Epic Provisions is launching its first performance bar, and it lacks the ingredient the brand is most known for — meat.
Epic, based in Austin, Texas, and owned by General Mills, is now selling four varieties of the protein-rich bars that are each made from just six ingredients, including egg whites, dates and nuts.
Epic began selling the bars online last month and General Mills quickly ramped up distribution. Last week, the bars debuted at Target stores nationwide.
Epic expects the new, all non-GMO bars to attract consumers who may not be drawn to its other meat-centric offerings. The new bars were designed for high-intensity athletes who may need quick access to energy, but also caters to "clean-label" consumers seeking fewer — and high-quality — ingredients.
Since its inception in 2013, Epic has been focused on the intersection between food, nutrition, the environment and animal welfare. Husband and wife co-founders Taylor Collins and Katie Forrest converted from their vegan lifestyle to become meat eaters by sourcing ingredients from ranchers and farmers who raised their livestock in a way that the couple felt good about.
This led to Epic Provisions' first product, the bison bar. The brand, which Golden Valley-based General Mills bought in 2016, has since expanded to a number of meat-based items, like bone broths and pork rinds. Collins said they have always considered Epic an "animal superfoods" brand with a focus on optimizing human health and wellness, whether someone is sedentary or a competitive endurance athlete, like him and Forrest.
The "egg bar," as Collins calls it, was inspired by the couple's traditional morning meal of bacon and eggs. They already had the bacon in products, but not the eggs. At first it seemed like a dead-end idea.
"Initially we thought it wasn't possible because there wasn't an available supply chain that met our standards," Collins said.
Epic is known for its focus on the animals used to make its food, both in how they were treated and how their rearing affected the land and natural resources. The company built relationships with 10 large-scale hen farms in the Midwest to convert their operations from conventional to cage-free systems, and changed the birds' diet to non-GMO feed, through long-term buying commitments.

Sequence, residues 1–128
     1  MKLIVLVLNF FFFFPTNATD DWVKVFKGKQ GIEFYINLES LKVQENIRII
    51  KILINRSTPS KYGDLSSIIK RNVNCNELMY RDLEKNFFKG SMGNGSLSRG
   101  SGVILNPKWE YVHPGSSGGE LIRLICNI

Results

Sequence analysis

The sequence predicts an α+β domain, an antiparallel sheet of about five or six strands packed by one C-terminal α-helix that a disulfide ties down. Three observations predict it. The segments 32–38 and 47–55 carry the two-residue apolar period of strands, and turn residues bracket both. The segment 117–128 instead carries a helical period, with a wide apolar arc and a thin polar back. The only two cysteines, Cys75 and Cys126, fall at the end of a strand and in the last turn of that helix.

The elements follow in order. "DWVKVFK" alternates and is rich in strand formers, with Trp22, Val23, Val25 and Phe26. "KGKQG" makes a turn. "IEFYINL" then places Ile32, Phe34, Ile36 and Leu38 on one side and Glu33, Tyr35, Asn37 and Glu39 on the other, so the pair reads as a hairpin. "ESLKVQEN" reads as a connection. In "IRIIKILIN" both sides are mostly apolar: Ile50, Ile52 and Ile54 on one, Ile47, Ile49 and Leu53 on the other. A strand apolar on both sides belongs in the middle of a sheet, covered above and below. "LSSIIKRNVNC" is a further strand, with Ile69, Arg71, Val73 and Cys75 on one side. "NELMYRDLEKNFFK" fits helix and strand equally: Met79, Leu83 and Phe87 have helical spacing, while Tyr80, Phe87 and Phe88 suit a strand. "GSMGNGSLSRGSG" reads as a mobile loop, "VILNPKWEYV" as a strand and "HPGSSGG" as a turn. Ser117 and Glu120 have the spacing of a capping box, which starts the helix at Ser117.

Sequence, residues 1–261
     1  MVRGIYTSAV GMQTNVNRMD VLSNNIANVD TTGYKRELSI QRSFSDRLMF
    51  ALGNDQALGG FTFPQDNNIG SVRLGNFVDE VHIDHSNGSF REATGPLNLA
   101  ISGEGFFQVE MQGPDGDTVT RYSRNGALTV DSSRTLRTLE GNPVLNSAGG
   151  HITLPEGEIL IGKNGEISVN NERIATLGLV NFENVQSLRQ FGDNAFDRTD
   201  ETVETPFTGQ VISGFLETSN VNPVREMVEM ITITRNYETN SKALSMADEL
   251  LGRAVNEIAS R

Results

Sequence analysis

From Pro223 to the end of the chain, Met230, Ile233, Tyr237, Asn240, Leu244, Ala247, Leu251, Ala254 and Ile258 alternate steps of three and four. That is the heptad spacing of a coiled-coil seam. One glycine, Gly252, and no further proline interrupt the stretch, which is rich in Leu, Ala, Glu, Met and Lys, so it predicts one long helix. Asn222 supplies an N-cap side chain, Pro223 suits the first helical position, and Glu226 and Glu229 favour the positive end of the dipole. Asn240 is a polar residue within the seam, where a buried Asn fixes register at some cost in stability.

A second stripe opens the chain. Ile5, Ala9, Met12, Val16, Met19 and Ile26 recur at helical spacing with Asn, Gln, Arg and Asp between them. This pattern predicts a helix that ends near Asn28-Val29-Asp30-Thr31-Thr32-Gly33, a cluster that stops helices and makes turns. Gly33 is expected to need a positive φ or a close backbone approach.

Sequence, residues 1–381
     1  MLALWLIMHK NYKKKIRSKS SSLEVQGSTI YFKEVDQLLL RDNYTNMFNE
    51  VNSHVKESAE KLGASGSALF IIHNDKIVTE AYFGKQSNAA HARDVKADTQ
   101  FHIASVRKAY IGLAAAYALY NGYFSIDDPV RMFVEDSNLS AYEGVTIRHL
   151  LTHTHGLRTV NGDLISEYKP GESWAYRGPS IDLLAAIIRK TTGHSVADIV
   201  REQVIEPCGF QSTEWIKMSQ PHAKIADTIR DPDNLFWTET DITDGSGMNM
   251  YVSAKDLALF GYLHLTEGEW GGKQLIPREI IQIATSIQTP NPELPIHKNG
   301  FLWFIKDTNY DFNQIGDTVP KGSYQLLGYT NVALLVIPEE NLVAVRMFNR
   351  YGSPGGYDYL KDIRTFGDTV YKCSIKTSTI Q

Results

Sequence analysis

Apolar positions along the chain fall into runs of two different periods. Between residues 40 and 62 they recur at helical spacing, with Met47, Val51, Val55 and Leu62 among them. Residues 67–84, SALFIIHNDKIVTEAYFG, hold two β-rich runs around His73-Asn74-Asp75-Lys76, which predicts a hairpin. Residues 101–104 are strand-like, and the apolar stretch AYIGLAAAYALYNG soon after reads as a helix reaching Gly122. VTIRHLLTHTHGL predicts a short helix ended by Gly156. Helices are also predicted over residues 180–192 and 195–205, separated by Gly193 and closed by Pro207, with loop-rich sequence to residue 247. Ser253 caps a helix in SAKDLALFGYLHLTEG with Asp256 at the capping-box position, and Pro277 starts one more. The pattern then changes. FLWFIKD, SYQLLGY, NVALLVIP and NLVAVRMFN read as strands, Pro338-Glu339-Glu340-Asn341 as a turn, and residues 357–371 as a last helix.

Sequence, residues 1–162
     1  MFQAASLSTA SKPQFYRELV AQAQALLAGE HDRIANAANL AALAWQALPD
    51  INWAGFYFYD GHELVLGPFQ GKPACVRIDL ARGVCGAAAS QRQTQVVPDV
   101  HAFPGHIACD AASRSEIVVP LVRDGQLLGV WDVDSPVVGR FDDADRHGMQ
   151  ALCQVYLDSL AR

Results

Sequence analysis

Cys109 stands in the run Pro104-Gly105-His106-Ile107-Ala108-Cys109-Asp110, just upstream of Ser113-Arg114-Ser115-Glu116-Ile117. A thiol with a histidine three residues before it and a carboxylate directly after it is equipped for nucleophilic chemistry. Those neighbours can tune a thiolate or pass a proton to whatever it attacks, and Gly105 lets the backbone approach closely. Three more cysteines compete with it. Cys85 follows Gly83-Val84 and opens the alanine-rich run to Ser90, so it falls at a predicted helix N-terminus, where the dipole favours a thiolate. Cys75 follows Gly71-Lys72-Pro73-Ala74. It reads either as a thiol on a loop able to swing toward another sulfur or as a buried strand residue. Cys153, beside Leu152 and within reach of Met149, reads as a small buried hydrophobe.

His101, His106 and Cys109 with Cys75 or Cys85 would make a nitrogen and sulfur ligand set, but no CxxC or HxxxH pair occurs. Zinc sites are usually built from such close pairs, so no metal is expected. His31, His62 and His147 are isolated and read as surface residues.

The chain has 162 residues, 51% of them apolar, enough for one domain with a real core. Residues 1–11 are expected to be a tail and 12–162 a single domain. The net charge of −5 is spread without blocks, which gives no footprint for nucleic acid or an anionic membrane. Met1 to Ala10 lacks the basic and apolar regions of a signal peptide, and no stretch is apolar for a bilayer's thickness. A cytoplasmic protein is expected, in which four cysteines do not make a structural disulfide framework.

Cage-free is a USDA standard that means the egg-laying hens aren't raised in cages. For those concerned about animal welfare, it's a start but is not considered the highest level.
"It could be better, but we wanted to get a product out to the market," Collins said.
Eventually, he said, Epic wants all its egg producers to meet pasture-raised standards, which give the birds access to the outdoors.
RXBar, owned by Kellogg, is similar to Epic's new performance bar, including the large, bold ingredient list on the wrapper.
Epic differentiates itself by claiming to be the only "widely available fruit- and nut-based egg bar made with cage-free egg whites on the market."
Epic is one of several fast-growing food companies that General Mills has purchased in recent years in an attempt to jump-start its own lagging sales. Larabar, also owned by General Mills, makes snack bars from dates, nuts and fruits, but not eggs.
General Mills has a reputation in the food industry for buying startup brands in the natural and organic space and allowing them to preserve their headquarters, culture and food ethics.
This product launch was a bit unusual, Collins said, for the speed at which the idea was taken to market and the high level of support it received from General Mills' teams in Minneapolis.
"The timeline was unbelievable, and they accepted the challenge of doing things in a way that we would've done at Epic as a small business," Collins said.
Epic took advantage of General Mills' sourcing of dates — the main ingredient in Larabar products — and other nuts, as well as its R & D, sales team and relationships with large national retailers.
"This is really the first Epic product that we've ever been able to turn on through the larger Mills organization," Collins said. "It's been pretty cool to see some major wins with [retail] accounts we haven't traditionally had much success with."